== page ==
One oddity, which I found recurring, was the use here of Jesus’ parables. Because the parable of the prodigal son (from Luke 15) was strangely open ended, it perhaps suggests that we ‘shouldn’t take the moral high ground’ on the question of family and relations, but value whatever pattern of life people choose for themselves. That can be found in the parable—but only if you detach it from Jesus’ other teaching, and perhaps even detach Jesus from his first-century Jewish context. It seems part of a pattern of encouraging the church to ‘come to terms with’ the changes in society (p 67) rather than critiquing these changes or calling our country to a change of direction.

The chapter on education included some interesting details and analysis, and felt to me as though it offered a good map of where we are, particularly in relation to inequalities in eduction—but not so much of direction as to where we should go. I confess to wincing whenever I see the phrase ‘life in all its fulness’ (the heading of this chapter) attached to any education policy, since life in all its fulness comes from Jesus in John 10.10 and not from any education system or policy! But at least it does serve to question the utilitarian understanding of eduction I mentioned above, as simply equipping students with skills to be useful in the workplace. I am not at all convinced that the picture of the early church in Acts 2 offers us a model for schools, because schools are not churches and we cannot presume the commitments of discipleship. (Is the inability properly to tell the difference at the root of the failure of the Church of England’s eduction policy in connecting young people with church and discipleship?). I would have hoped to have seen a critique of the use of league tables, competition and the notion of ‘added value’ which I think (from my time as a parent and a school governor) I think are deeply problematic from a Christian point of view. And what about the connection between education and family—in a context where the single greatest predictor of educational achievement is the stability of the marriage relationship and the involvement of parents in a child’s education?

The chapter on health focussed on health inequalities and mental health, and did make a mention of mental health and the prison system. But, again, I was puzzled by the omissions. There was little critique of the managerialist approach to health strategy, which I think is the single most contentious issue within the health service itself—and do we not have anything to learn from alternative systems on continental Europe? What about the apparently corrupting influences of Big Pharma on health management? What about the loss of basic disciplines of self-management and healthy eating, which dominate the evening TV schedule these days? A key Christian value of massive important here is the virtue of self-management and self-stewardship—and the loss of such responsibilities is having a crippling effect on a service ‘free at the point of use’ regardless of self-management. A real weakness in this chapter is the use of the parable of the sheep and the goals in Matt 25—which (as I have repeatedly highlighted) has nothing to do with care for the poor!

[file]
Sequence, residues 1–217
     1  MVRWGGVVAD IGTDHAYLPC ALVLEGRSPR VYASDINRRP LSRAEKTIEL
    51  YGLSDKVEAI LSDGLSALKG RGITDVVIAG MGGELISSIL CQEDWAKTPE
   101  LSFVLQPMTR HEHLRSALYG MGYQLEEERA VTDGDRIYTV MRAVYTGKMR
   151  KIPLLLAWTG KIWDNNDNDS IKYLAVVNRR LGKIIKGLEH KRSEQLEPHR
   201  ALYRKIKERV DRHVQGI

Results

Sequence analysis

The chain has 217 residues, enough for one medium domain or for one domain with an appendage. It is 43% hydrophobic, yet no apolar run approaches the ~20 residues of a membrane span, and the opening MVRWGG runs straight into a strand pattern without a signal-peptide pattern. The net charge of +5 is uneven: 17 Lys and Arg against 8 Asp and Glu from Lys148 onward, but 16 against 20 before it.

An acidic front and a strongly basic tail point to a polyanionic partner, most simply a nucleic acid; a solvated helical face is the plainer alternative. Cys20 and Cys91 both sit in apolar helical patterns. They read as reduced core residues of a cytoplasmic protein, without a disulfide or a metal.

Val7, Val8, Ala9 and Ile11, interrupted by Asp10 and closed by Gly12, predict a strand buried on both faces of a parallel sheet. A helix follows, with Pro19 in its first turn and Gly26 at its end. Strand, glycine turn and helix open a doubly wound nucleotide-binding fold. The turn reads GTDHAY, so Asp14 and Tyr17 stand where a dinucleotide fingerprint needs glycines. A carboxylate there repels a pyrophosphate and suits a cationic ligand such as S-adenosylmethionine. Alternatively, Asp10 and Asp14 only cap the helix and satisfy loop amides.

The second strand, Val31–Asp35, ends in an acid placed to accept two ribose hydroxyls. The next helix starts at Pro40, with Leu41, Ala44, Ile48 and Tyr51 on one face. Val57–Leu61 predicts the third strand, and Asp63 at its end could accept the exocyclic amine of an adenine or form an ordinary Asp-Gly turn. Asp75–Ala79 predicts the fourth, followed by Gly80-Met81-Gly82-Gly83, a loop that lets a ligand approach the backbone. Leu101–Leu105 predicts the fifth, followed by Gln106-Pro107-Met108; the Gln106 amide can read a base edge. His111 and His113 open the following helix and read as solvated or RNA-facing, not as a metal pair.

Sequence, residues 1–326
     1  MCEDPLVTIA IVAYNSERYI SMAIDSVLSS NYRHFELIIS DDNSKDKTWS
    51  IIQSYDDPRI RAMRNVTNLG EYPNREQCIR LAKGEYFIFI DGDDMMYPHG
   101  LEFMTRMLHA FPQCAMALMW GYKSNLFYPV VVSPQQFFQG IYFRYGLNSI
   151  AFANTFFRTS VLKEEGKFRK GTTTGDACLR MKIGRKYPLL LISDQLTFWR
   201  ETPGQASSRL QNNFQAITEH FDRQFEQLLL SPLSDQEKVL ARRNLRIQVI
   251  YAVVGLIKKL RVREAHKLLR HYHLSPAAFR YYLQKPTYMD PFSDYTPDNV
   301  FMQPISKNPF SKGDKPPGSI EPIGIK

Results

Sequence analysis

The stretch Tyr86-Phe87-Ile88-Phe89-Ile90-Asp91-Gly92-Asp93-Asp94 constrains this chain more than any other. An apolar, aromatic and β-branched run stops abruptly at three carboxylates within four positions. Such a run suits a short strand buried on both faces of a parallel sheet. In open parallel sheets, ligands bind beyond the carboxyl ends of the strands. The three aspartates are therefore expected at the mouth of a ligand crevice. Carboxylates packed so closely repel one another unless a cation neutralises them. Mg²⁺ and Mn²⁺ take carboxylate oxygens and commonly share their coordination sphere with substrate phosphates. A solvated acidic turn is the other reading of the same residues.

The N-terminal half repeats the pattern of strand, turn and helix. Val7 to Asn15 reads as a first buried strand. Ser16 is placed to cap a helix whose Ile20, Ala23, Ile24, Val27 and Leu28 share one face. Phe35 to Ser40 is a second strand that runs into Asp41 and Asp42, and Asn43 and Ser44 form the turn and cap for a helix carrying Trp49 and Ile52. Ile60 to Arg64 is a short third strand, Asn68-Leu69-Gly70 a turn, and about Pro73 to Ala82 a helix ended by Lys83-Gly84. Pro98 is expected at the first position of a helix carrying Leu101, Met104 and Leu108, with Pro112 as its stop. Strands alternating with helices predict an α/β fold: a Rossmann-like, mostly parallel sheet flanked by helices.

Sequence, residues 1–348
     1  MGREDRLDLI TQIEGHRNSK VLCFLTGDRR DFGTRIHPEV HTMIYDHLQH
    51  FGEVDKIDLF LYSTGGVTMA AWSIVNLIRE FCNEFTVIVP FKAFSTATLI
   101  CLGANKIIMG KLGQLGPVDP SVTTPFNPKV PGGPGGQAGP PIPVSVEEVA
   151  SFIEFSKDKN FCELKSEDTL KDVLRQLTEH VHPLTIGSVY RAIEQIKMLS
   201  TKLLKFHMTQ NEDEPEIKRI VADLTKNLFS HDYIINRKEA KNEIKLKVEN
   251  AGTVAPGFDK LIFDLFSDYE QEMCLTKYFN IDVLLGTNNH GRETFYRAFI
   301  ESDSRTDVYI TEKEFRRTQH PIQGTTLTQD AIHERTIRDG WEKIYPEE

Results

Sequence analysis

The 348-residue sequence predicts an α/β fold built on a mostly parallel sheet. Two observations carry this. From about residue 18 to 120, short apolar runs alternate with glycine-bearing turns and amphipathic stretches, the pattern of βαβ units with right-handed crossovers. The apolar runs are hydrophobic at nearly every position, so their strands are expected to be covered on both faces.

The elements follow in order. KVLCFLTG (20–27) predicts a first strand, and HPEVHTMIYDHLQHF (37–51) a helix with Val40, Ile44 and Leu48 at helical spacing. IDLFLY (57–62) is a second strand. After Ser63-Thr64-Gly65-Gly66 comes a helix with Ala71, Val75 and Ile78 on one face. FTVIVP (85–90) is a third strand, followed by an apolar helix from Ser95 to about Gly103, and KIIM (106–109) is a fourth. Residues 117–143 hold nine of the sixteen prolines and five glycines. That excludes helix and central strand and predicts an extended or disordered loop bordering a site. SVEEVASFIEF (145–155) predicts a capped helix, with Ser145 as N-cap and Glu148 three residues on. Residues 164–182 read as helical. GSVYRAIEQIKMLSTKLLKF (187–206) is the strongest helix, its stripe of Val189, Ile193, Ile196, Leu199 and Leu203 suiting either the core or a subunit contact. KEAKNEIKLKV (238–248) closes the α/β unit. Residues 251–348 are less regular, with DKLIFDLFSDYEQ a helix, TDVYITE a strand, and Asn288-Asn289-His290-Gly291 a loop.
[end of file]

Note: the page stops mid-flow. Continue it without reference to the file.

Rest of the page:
Welby is right to note the increasing issues of mental health, particularly in young girls (p 121). But, once again, can we ask about the causes and not just the symptoms? Could this be connected with the sexualisation of culture, not least through young people’s use of the internet? What does the gospel say to this issue? And can we really talk about healthcare from a Christian perspective without mentioning abortion?

The chapter on housing included some good observations, highlighting the basic need for more homes, and the shortage caused by local authorities no longer building—though omitting the name of the person who brought in this change. But there was no mention of one of the key drivers in the housing shortage—the fragmentation of households caused by divorce, and by the loss of the habit (continued in most of the world) or intergenerational households where older members were cared for by the next generation. So we have lonely old people in larger houses and young families crowded into homes they cannot afford—and the most potent solution to this is not economic or political but relational.

On finance, you would expect Welby to know his onions, and indeed he does. There are some shocking statistics on the growth of the financial sector and the impact on pay inequalities, and Welby offers a critique of the UK’s becoming a ‘monocrop’ culture where the financial sector is so dominant. But I would like to have heard something about the relational nature of financial transactions within a Christian vision, and the fundamental problem with detaching investment from relationships in the stock market as we have it (quite contrary to its origins). The advent of computerisation, initially in the Big Bang of the 1980s, not only exacerbated this detachment, but also introduced the inherent instability of computer algorithms effectively trading with each other, which is a massive threat to future stability. And, again, is there not a fundamental question to be asked about an economic system that runs on debt?